“The End of Love“: by Spanish author Marcos Giralt Torrente may not be the most gargantuan, epic, enormous, humungoid book on the BTBA longlist, but it may very well be the most perfect. Four stories, each about 40 pages long—sentence-by-sentence this is a book you can bet your life on. When I first read it in Spanish back in the fall of 2011, I immediately knew I was in the presence of a master craftsman. Whether writing long or short sentences, he exercises a remarkable control and precision with each and every word, calibrating nuance and impact with a true gift. As I read El final del amor, what was equally apparent was that this is a writer who is equally apt at crafting stories, manipulating structure, tone, pacing, and information to engineer profound depth and compression. It is for this reason that I like to think of the four pieces in The End of Love more as novellas than stories.
Two years after reading El final del amor, I then had the pleasure to read this book again, in English in the fall of 2013, and it was just as good. This brings me to another reason why this book is worthy of the award: the Best Translated Book Award prides itself on being as much about the translation as about the book, and very few books published in 2013 were translated as well as Katherine Silver’s The End of Love. This is an important point, for while I see very many good translations on the BTBA longlist, I see few masterful ones, and Katie Silver’s surely ranks among the latter.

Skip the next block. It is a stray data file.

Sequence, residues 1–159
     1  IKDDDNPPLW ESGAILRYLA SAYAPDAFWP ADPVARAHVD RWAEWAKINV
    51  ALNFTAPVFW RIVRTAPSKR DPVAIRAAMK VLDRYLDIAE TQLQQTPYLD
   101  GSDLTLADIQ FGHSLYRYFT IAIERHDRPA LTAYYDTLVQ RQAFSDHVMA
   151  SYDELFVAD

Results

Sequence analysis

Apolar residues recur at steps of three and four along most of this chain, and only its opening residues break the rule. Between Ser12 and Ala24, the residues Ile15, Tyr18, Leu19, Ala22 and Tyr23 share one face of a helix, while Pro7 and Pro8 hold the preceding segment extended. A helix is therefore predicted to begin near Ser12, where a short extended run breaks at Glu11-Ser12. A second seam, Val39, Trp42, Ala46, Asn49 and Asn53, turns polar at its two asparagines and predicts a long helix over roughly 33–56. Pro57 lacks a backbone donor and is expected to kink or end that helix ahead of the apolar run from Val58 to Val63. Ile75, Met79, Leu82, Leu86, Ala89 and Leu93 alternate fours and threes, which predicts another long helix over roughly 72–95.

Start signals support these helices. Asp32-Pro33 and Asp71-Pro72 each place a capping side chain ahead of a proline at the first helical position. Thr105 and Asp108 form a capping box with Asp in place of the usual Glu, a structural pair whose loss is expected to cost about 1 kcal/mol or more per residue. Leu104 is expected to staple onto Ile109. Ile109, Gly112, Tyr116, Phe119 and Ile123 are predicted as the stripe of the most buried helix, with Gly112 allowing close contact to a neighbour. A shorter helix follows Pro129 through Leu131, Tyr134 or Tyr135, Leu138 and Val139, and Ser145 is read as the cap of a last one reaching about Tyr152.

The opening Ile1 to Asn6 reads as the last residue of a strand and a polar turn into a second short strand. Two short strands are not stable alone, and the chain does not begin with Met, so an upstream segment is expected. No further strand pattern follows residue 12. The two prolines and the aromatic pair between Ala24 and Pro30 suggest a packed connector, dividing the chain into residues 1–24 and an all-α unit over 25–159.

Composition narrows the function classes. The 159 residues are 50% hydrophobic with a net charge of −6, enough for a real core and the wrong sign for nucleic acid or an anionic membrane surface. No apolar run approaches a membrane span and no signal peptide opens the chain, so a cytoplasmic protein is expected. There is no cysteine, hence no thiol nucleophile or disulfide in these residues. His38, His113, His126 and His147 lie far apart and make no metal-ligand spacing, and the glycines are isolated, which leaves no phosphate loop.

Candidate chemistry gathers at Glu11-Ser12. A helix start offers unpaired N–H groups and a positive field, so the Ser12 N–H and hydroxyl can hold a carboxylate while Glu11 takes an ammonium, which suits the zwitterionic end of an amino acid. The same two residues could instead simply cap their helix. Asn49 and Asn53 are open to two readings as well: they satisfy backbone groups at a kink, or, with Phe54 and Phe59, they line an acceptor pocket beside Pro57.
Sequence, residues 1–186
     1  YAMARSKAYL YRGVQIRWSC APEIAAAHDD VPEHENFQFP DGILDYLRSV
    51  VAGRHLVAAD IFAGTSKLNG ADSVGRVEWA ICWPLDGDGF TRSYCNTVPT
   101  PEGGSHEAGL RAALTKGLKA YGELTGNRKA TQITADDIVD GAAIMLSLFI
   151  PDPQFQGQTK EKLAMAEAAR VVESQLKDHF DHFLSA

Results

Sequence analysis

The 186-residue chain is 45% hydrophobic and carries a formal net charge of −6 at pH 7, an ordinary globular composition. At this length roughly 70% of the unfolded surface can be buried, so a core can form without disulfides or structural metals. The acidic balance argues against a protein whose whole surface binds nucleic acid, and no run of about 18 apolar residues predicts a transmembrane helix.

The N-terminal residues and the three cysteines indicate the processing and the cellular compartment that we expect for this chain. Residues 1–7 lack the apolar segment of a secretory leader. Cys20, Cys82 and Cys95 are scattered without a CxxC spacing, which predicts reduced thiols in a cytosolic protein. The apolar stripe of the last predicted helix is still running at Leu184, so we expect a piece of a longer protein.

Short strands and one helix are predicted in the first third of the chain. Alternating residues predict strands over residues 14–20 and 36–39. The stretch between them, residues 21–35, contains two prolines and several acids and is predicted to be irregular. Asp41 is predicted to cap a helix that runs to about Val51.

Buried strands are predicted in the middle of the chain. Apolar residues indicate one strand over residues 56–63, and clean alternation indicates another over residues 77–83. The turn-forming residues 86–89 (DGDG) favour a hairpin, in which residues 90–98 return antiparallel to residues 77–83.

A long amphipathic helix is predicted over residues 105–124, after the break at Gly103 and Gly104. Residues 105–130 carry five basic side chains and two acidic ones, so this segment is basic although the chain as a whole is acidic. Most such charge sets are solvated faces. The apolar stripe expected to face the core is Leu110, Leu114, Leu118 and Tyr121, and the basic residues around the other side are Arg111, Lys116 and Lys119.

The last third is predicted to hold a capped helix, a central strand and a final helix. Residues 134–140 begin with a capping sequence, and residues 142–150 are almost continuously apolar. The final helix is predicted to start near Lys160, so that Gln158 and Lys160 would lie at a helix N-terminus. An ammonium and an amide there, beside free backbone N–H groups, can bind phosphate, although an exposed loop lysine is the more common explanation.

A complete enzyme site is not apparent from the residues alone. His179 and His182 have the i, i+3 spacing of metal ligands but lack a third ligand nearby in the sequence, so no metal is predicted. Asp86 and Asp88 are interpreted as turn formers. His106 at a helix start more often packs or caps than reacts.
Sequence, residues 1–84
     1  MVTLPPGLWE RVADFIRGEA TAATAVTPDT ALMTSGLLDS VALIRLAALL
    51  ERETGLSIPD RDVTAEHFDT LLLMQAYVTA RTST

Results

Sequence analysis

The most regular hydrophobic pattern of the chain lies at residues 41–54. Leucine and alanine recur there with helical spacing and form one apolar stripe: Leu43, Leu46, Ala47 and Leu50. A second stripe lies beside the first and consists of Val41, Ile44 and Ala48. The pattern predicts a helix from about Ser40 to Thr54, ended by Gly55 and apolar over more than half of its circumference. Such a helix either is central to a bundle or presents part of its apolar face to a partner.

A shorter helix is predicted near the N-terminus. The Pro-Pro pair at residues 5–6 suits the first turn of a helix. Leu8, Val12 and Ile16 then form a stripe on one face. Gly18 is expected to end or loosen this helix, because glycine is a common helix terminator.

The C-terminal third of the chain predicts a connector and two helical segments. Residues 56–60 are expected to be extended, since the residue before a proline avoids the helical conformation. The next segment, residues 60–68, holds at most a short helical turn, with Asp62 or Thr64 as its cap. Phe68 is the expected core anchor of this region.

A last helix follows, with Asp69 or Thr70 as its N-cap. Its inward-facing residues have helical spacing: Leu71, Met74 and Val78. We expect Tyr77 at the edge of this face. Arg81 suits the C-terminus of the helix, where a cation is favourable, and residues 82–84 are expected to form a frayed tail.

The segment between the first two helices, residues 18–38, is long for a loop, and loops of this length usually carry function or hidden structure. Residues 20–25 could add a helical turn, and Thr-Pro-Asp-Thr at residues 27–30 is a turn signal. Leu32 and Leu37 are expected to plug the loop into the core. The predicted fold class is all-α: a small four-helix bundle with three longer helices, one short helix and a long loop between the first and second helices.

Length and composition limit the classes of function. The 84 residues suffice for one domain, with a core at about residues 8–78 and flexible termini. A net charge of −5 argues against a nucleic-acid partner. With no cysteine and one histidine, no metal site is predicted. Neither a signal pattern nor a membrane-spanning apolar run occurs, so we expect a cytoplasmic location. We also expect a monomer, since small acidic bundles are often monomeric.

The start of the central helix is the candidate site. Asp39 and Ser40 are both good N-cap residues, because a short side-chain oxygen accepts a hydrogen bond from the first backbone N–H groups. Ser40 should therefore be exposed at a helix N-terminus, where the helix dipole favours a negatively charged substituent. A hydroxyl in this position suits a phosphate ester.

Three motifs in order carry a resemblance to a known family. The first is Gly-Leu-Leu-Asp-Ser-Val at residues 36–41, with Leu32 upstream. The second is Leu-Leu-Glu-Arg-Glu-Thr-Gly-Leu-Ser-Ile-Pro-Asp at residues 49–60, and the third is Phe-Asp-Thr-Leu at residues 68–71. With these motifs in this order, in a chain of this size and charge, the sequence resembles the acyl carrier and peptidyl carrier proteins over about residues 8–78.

So what does Torrente do in The End of Love? I would say he compresses a lifetime’s-worth of observations about love into four nearly perfect stories. Here we see all sorts of romantic relationships invoked, and Torrente gives us the pleasure of watching them play out over months and years (just how does he do this in only 40 pages? as I said, he is a master). Even the one story in this book that only takes place over two days makes us feel as though we understand its two couples as though we’ve known them for years. Across the sweep of this book we receive a rare insight into the many different sensations, emotions, and couplings that are generally referred to simply as “love.” Torrente makes us see just how much is contained in this small word, making us feel as though we are with an author who has witnessed love in every single one of its uncountable permutations. Quite simply, Torrente adds a few new thoughts to a concept that is as old as speech, a thing that, if you think about it, is truly a remarkable achievement. Torrente is in fact trained as a philosopher, and it shows in the depth of thought—and passion—that he has brought to this book.
The End of Love is also the entry of a remarkable new author into English. Already two more of Torrente’s seven books are slated for publication in English, and who can doubt that many more will follow? At the young age of 46, Torrente has already built a considerable international reputation for himself. He has won and judged major international awards, he has been translated into numerous languages, and, to top it all off, he is a member of the groundbreaking Spanish author Enrique Vila-Matas’s legendary Order of the Finnegans (the Order is explained in his 2010 novel Dublinesca). Surely we will be hearing much, much more from Torrente in the years to come.